Tuesday, 15 December 2009
Yule-when the Wild Things Come
In ancient calendars, including those of the Romans, the Celts, the Germans and the Slavs a gap of twelve days occurs in mid-winter, now the Twelve Days of Christmas, celebrated in the song. This was perceived in a sense as a kind of fracture in time, a fracture that allowed the boundaries between the living and the dead to dissolve.
In the German lands it was known as Zwolfen, a time when Woden and Frigg-or Odin and Freya-held forth. For witches it was a favoured time for the Wild Hunt and for ordinary mortals a time of wild merry-making, gift-giving, spell-casting and divination. In the English court prior to the Puritan revolution of the seventeenth century, when Christmas was banned, proceedings were governed by a kind of anti-king known as the Lord of Misrule. By the pagan calendar this was, of course, Yule.
Christmas continues to be rich with pagan residues and traditions. Father Christmas, or Santa Claus, though now generally identified with Saint Nicholas, on very insecure grounds, it has to be said, has a lineage going back to Odin, the centre of the evergreen cult among the Nordic peoples, and the Roman god Saturn, also depicted as father Time, whose midwinter festival, known as Saturnalia or the Feast of Ops, was a time of gift-giving, especially to children.
In general December was a time for dancing, singing and feasting. It was a time also of masquerade and mummery, when men dressed as animals and as the Horned God, the chief figure of the fertility cult. The Horned One travelled around carrying a small broom of birch twigs intended to confer greater fertility, his face blackened with soot to suggest that he had just come down the chimney, yet another link with Father Christmas! In the Dutch tradition Black Peter, who accompanies Saint Nicholas, is one obvious descendant of the Horned God.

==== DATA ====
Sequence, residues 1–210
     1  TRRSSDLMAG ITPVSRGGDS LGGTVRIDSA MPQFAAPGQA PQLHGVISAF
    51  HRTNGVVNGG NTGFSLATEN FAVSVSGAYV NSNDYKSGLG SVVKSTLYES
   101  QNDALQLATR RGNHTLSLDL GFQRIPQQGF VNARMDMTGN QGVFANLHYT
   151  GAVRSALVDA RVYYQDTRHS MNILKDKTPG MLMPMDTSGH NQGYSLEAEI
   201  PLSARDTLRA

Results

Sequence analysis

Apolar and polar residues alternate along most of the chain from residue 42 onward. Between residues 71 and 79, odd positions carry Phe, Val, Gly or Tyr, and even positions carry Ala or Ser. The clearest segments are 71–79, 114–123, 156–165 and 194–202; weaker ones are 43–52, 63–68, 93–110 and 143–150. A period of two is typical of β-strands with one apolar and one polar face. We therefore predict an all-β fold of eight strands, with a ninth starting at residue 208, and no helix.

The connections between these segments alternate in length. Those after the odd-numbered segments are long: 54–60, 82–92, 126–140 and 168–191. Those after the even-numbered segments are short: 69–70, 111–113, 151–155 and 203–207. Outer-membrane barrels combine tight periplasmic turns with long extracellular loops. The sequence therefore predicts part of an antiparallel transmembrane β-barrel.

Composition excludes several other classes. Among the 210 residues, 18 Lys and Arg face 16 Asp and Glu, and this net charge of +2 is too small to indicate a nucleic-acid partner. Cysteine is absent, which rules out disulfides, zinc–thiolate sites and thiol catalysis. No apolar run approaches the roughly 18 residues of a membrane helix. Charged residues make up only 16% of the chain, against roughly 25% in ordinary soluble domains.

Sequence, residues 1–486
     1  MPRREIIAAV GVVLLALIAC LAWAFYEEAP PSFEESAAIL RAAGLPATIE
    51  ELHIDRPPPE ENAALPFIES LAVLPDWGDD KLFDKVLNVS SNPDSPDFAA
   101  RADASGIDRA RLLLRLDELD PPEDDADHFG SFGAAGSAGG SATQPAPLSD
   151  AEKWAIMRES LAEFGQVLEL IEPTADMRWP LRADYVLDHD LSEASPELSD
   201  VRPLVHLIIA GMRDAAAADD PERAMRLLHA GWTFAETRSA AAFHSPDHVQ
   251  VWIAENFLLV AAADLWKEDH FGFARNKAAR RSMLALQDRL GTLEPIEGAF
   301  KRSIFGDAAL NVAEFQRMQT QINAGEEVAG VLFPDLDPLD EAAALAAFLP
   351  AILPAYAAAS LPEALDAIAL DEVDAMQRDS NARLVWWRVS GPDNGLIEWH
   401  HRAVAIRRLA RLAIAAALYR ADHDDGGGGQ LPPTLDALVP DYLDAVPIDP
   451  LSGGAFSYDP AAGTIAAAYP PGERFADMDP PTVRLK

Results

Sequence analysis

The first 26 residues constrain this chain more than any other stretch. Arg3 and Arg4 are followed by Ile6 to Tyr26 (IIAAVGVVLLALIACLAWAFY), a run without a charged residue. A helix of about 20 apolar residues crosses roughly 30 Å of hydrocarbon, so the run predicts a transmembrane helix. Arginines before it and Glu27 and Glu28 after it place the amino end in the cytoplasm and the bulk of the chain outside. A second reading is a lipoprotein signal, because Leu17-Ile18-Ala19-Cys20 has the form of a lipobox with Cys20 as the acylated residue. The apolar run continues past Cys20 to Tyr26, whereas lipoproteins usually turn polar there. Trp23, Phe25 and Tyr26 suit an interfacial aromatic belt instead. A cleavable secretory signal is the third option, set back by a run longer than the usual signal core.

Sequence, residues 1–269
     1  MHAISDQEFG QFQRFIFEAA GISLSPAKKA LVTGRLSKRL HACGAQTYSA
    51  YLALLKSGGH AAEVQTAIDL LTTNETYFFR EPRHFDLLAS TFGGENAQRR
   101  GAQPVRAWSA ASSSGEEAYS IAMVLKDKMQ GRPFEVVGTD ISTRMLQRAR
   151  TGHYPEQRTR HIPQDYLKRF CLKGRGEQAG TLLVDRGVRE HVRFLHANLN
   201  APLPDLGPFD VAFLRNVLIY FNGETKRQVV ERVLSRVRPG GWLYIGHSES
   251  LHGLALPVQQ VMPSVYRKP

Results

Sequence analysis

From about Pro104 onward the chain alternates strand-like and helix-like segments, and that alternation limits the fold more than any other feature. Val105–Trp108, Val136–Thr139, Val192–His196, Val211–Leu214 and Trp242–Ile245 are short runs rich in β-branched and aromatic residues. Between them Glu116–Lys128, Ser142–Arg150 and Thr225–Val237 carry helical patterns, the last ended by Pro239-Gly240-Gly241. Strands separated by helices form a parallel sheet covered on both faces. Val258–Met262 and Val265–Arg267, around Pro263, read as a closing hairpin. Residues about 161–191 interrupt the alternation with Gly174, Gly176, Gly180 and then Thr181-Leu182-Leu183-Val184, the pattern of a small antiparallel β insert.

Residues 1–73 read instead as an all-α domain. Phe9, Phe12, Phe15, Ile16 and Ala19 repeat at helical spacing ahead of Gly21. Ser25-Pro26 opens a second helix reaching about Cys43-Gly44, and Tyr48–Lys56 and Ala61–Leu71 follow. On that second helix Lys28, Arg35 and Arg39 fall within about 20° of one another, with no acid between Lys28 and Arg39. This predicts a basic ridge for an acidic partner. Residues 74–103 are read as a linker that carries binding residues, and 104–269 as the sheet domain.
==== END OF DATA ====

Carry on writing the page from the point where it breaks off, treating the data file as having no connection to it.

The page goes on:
There is so much more in Christmas that belongs to the pagan world, including decorated evergreen trees, the Yule Log, associated with Frigg, the wife of Odin, the boar as the Yule animal, an offering to the goddess and, of course, mistletoe, the golden bough.
Witches also have their part to play. In Italy Befana, who flies through the air on a broom, is the gift-giver to children, not Father Christmas. In Germany Lutzelfrau, who prefers to receive than to give, also flies through the air, causing havoc in households that have omitted to leave small offerings for her. In other parts of Germany and Austria children go from door-to-door often dressed as witches, begging small treats in the name of Perchta, the witch-goddess. Perchta is also joined by Hulda, Herta and Freya at this time of year in the aforementioned Wild Hunt, sometimes joined by Odin. Yes, wild times, wild things, wild creatures!